Organisational structure — clarify roles and accountabilities. In many cases, banks do not have a clear view of what their overall operating model is or should be — whether it should be centralised or decentralised. Nor do they have a clear view of the philosophy of the overall bank: For example, is it operationally involved in each of the business units, or does it operate as a holding company? In addition, banks have often oscillated between models over the years, and, as a consequence, are left with models which are unclear in the minds of their staff. Both centralised and decentralised models can work well, provided the choice and guiding principals are clear, consistent, and well communicated. It all depends on the business and customer proposition. The overarching principle should be to keep it simple, with crystal-clear accountabilities.
Organisational complexity has created ‘shadow staff’ that exist in most large businesses: the people who perform tasks which are duplicated elsewhere in the organisation. They perform a backup role, which leads to ineffectiveness and inefficiency by increasing support head count. Another reason shadow staff are prevalent is that business units often show a lack of trust and respect for functions that they do not directly control. In banking, shadow staff can represent an additional 23 percent of support staff. In some functions, such as IT and procurement, they can represent well over 30 percent of official staff (Exhibit 5).
To successfully reduce the number of shadow staff, banks need to address the underlying reason for their existence: In many cases, shadow staff exist as workarounds for failed or inadequate processes in the service delivery model. If the problems within these processes can be addressed, the need for shadow staff disappears relatively quickly. In addition, spans and layers should be optimised to best-in-class levels. A retail bank reduced its human resources head count by 30 percent by centralising activities, eliminating tasks that didn’t add value, and optimising spans and layers. One-third of the people identified as redundant left the bank within six months, a move which has not only increased efficiency but significantly improved the service delivered to internal clients.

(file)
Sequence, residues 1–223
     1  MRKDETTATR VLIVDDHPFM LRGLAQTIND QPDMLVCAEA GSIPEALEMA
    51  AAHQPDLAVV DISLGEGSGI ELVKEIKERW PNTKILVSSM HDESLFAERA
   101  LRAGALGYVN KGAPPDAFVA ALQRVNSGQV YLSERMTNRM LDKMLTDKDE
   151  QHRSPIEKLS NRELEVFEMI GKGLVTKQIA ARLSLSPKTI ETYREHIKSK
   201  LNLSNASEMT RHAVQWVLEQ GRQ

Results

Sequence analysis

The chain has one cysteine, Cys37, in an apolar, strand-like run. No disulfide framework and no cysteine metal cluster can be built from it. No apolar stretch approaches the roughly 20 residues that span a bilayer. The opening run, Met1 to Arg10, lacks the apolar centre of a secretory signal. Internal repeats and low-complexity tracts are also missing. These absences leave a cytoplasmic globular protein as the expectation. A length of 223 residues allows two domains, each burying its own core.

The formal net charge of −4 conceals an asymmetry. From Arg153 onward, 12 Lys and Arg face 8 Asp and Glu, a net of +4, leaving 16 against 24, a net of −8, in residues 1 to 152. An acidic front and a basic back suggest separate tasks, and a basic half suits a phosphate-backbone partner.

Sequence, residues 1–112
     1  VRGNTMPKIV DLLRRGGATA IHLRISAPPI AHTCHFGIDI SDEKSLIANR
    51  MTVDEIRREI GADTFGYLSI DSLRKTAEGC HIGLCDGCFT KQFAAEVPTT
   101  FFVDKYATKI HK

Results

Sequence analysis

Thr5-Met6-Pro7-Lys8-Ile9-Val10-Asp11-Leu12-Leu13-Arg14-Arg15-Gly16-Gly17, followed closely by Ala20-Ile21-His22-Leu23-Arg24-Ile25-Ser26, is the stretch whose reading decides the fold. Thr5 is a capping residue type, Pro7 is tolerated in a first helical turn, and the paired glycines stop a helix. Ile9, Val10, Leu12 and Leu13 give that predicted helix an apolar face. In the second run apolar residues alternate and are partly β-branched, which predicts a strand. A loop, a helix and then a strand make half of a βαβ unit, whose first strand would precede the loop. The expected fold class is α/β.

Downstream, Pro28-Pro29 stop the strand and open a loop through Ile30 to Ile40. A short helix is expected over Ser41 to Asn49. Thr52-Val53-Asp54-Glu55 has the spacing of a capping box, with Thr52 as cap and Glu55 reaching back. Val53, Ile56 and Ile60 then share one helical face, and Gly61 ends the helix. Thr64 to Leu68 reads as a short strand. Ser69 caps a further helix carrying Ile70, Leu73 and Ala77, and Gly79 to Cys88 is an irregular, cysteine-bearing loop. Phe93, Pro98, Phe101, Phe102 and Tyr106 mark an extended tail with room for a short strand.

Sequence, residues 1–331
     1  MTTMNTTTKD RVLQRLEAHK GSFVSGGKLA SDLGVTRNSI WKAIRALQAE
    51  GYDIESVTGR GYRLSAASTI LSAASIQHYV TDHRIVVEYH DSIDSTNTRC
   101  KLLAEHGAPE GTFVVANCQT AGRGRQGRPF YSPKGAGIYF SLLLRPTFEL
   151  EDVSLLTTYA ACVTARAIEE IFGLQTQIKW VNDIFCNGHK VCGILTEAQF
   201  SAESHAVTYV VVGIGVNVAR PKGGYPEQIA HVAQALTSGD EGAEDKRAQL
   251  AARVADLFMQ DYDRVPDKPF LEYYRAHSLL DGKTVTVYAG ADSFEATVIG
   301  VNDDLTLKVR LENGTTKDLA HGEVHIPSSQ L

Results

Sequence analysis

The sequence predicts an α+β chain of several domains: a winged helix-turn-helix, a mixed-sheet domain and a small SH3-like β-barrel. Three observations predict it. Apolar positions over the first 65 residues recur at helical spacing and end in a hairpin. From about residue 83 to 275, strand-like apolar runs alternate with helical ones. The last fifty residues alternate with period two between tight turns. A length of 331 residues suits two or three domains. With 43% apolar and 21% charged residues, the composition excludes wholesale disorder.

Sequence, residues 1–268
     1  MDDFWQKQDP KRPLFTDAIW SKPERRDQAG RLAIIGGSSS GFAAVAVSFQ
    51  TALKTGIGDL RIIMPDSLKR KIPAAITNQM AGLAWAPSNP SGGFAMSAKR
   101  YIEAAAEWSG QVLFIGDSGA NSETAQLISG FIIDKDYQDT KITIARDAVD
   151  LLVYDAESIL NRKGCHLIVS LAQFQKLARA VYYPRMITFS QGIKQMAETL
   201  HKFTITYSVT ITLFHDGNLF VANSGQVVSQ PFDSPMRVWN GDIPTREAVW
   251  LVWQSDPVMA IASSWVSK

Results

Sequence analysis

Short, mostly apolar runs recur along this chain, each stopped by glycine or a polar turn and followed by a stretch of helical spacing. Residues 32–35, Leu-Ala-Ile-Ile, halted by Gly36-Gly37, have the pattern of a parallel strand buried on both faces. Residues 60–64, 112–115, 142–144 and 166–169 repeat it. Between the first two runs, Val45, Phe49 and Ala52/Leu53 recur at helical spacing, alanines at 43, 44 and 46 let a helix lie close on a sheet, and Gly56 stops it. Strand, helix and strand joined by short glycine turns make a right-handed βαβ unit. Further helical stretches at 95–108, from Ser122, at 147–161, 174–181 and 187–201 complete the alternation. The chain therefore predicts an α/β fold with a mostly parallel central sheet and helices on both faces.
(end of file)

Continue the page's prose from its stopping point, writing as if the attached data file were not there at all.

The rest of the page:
A key principle is to understand which activities require customer and business intimacy and which benefit from scale and consistency.
Embedding the changes
There is always a danger that complexity will return and banks will need to keep doing one-off exercises. For example, one company cut head count at the corporate centre by 25 percent, only to have it to reappear in the business units. It is important to embed the changes within the company’s culture and make simplification the modus operandi. In addition, senior oversight is required on a continuous basis to monitor results. This is an executive/director-level issue that must be led from the top.
To ensure the changes stick, banks must take several steps:
- Create excitement for the change and ensure support from top leaders.
- Communicate openly and frequently and reinforce messages and direction.
- Define clear accountabilities for driving and delivering the change.
- Implement the required governance structures to ensure swift decision making.
- Monitor and track progress against plan and escalate issues to senior management; ensure a clear feedback loop.
- Create role models who act as symbols for what the successful change has delivered and promote the change through measures such as newsletters and prizes for reaching targets.
- Reward success: Incentivise staff to adjust the way they work using development plans and remuneration.
Simplifying across the value chain has never been more important. Banks with clear business models and focus, along with simpler, transparent processes and systems, will be best positioned for future success. If in doubt, cut it out!